Public affairs groups gun for Civic Week vote on Hill

WASHINGTON: In a move that now seems oddly prescient, a loose

gathering of public affairs businesses launched a national effort back

in July to dedicate one week in September to Americans who volunteer for

domestic causes and the furthering of democracy. That effort seems

likely to become a reality.



Calling themselves Participate America, groups such as Capitol

Advantage, the National Civic League, e-advocates, the Close Up

Foundation, and the American Society of Association Executives targeted

the third week in September as a time to reflect on the many ways

Americans "get involved." The hope was to highlight people who do

volunteer work, write letters to legislators, or contribute to political

campaigns. The week was chosen because it falls between the re-opening

of schools and election day.



But following September 11, and the subsequent outpouring of

volunteerism around the country, the coalition and the senators who were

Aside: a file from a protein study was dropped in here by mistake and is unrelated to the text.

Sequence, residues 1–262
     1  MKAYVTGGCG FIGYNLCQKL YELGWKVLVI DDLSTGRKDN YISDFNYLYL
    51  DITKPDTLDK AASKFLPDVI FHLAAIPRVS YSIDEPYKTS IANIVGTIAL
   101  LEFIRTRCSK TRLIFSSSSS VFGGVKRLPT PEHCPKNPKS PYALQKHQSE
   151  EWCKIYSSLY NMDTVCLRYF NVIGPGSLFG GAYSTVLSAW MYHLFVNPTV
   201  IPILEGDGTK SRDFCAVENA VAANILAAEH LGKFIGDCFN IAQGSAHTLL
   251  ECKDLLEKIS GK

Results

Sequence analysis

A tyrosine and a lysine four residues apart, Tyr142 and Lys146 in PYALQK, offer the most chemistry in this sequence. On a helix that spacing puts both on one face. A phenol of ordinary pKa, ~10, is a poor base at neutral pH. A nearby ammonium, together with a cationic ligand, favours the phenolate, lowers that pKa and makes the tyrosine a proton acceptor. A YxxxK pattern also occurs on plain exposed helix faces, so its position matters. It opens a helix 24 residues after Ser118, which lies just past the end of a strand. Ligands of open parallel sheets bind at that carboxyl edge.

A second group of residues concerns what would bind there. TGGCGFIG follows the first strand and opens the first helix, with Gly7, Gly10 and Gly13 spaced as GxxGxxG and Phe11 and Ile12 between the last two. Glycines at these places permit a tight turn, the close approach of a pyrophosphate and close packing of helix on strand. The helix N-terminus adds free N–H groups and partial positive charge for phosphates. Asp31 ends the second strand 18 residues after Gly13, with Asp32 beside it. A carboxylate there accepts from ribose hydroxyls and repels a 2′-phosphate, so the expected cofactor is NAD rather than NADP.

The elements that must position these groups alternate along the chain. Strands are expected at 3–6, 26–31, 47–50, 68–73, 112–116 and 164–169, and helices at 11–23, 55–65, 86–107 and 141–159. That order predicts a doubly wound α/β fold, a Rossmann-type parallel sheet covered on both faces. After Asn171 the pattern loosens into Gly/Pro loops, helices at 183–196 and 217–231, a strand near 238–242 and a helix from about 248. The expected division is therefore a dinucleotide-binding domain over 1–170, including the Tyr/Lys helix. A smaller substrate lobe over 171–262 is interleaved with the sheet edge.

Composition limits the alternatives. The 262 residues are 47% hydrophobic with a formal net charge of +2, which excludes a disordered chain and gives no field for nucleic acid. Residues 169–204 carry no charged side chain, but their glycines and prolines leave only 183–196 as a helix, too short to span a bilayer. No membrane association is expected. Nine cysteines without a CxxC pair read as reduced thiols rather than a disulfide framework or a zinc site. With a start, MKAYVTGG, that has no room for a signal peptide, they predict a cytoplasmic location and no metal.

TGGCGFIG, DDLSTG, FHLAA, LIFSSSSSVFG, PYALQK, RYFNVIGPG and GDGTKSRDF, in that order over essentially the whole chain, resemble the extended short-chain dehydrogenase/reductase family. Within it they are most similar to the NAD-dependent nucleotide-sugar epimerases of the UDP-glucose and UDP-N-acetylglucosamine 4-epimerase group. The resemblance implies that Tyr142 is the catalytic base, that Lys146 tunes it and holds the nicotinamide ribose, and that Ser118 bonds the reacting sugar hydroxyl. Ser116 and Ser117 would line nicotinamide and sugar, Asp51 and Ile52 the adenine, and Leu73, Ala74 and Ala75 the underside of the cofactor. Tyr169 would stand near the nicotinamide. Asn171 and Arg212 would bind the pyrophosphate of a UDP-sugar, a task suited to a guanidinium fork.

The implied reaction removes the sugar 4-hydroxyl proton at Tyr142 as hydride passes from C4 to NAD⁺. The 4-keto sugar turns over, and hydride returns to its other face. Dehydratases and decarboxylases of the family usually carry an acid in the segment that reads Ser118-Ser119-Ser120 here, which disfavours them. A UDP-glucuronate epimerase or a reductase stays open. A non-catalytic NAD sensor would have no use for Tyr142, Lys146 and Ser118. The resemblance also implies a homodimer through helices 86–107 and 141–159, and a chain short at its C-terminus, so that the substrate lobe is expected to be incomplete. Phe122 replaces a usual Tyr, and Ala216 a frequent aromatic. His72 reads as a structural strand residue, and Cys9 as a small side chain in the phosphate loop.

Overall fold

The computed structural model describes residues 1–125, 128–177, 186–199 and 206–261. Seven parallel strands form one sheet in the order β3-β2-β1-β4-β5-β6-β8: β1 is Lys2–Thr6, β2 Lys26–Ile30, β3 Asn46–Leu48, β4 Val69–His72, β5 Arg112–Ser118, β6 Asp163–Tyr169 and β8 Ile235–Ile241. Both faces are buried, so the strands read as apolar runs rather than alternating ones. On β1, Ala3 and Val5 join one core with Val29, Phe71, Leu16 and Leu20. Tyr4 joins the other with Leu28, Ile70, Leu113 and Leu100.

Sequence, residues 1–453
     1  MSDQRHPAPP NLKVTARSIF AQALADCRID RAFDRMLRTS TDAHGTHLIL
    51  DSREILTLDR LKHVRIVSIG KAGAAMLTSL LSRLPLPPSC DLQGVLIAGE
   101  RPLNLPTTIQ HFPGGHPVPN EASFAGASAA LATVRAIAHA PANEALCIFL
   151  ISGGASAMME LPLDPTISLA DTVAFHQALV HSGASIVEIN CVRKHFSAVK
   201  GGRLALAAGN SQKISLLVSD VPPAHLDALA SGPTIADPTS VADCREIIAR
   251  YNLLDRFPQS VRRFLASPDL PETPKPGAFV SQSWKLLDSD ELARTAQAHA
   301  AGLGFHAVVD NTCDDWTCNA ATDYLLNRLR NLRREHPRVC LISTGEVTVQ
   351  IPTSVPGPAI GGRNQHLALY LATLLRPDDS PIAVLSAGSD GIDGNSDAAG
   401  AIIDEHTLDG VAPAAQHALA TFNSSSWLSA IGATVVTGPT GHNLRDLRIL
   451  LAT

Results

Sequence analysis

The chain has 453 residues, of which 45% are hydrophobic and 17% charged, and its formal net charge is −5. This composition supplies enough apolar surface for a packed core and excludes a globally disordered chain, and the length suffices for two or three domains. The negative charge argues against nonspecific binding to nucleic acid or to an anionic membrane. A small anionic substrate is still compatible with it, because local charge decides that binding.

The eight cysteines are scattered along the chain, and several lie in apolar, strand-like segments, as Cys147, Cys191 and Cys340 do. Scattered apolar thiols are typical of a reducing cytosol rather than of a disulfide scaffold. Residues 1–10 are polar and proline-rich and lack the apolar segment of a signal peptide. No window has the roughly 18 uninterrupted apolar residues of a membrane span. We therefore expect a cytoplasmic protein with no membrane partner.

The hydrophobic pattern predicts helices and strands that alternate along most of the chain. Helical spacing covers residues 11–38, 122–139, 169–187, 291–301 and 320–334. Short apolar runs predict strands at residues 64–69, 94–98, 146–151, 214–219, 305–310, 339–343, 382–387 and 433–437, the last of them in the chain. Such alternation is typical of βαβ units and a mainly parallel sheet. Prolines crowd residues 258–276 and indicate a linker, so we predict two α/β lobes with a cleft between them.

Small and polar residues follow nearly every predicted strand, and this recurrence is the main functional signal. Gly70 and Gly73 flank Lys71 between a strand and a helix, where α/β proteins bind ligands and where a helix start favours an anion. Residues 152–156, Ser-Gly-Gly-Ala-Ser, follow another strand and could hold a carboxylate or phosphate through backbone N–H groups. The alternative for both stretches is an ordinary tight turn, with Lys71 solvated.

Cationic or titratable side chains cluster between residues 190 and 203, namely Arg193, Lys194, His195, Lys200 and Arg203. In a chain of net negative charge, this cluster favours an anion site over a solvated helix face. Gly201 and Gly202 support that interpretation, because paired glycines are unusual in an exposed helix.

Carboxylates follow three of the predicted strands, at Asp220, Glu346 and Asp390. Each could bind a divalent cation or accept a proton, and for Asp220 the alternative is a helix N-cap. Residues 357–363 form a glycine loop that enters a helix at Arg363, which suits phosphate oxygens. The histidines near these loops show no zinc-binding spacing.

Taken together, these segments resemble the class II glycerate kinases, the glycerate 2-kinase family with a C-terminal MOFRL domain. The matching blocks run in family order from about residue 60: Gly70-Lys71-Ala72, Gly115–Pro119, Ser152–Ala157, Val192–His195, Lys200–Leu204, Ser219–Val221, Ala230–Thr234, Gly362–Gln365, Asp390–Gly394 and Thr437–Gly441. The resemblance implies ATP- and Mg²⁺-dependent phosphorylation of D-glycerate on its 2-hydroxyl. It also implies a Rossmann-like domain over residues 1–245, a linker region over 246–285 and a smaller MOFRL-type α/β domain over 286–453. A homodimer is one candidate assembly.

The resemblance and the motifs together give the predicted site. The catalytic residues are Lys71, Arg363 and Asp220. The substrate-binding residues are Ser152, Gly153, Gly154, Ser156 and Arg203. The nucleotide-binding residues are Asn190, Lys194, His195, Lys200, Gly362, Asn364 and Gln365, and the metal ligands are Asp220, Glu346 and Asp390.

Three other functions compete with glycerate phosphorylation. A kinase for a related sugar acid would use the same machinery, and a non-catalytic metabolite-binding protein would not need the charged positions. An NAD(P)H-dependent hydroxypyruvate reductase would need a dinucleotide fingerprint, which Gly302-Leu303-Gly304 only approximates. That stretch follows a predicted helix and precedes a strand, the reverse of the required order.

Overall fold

sponsoring the resolution brought the proposed week forward to

September 11-17.



Now, what originally seemed a legislative longshot, appears likely to

pass.



"The bill was introduced in July, and then September 11 came along and

brought that bill into even more significance," said Bob Hanson,

president of Capitol Advantage. "It's kind of amazing we just happened

to pick that week of September."



Golin/Harris, which has worked with Capitol Advantage on other projects,

was brought in to perform pro-bono PR work for the coalition. Both the

agency and Participate America are concentrating on building public

support to pass the bill and raise awareness of what they call National

Civic Week. Those efforts include a full-page ad in Washington weekly

The Hill, letters sent to every senator asking for support, and the new

ParticipateAmerica.org website, where citizens can voice their support

to Congress.



Most members of Participate America are facilitators of civic

involvement.



Many, including Capitol Advantage, run websites that allow Americans to

communicate directly with legislators via e-mail.



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